In gardening, I look for a pleasing semi-random arrangement. My “bog in a barrel” is the best example I can offer.
The bog in a barrel started as a failed water feature in the garden, with some water plants and a small fountain in an old half whiskey barrel. Over the years, it just was unable to thrive. One spring, I filled it half full of rocks. On top of the rocks, I placed peat moss, then long strand sphagnum moss. Over this, I seeded small patches of living moss and a selection of plants gathered from around my pond. Over the years, I occasionally added plants, but plants also seeded in through the wind or were carried by birds and small mammals. So I had never planted many species in it, but they now are part of the tiny ecology; lupine, water horehound, and others.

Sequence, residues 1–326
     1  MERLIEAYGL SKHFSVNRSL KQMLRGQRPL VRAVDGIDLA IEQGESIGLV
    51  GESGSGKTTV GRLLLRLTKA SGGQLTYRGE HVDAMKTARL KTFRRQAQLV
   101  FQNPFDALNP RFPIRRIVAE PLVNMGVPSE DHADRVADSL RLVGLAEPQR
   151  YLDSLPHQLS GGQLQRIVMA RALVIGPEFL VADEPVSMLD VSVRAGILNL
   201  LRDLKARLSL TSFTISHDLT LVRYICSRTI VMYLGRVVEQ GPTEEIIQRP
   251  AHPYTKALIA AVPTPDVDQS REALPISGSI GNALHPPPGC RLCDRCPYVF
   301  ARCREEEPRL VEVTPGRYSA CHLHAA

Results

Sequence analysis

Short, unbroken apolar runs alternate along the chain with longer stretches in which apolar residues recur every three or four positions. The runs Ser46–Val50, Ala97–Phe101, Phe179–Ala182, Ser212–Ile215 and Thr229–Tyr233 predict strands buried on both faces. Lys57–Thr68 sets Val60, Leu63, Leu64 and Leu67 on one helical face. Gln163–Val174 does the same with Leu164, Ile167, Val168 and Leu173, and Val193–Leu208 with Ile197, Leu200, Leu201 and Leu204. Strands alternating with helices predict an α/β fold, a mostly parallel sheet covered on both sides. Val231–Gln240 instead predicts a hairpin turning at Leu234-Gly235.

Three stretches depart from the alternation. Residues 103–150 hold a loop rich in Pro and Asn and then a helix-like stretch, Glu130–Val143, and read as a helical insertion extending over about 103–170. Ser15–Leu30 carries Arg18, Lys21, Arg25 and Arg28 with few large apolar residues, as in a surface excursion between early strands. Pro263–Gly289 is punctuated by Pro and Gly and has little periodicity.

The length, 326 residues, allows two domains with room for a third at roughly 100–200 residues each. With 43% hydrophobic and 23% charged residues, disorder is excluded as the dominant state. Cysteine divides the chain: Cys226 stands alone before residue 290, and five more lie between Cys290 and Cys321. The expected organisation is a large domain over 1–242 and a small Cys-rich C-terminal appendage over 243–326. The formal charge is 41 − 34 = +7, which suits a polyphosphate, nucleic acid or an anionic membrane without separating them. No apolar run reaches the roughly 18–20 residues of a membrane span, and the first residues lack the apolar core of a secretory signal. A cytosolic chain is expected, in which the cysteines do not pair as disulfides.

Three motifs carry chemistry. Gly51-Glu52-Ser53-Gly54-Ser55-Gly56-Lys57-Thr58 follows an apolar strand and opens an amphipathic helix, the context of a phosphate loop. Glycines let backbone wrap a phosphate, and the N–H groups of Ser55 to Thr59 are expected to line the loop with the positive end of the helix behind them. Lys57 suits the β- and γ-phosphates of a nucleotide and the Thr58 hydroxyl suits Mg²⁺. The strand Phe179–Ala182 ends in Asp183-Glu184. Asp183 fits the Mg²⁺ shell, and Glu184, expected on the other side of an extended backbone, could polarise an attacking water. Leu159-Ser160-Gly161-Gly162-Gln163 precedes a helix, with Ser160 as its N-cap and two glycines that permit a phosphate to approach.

It’s not a unique form in the greater sense. Still, it’s a tiny complex ecology of plants and animals with surprises to offer every day, from the sundew to the pitcher plant or the obedient plant’s lavender flowers.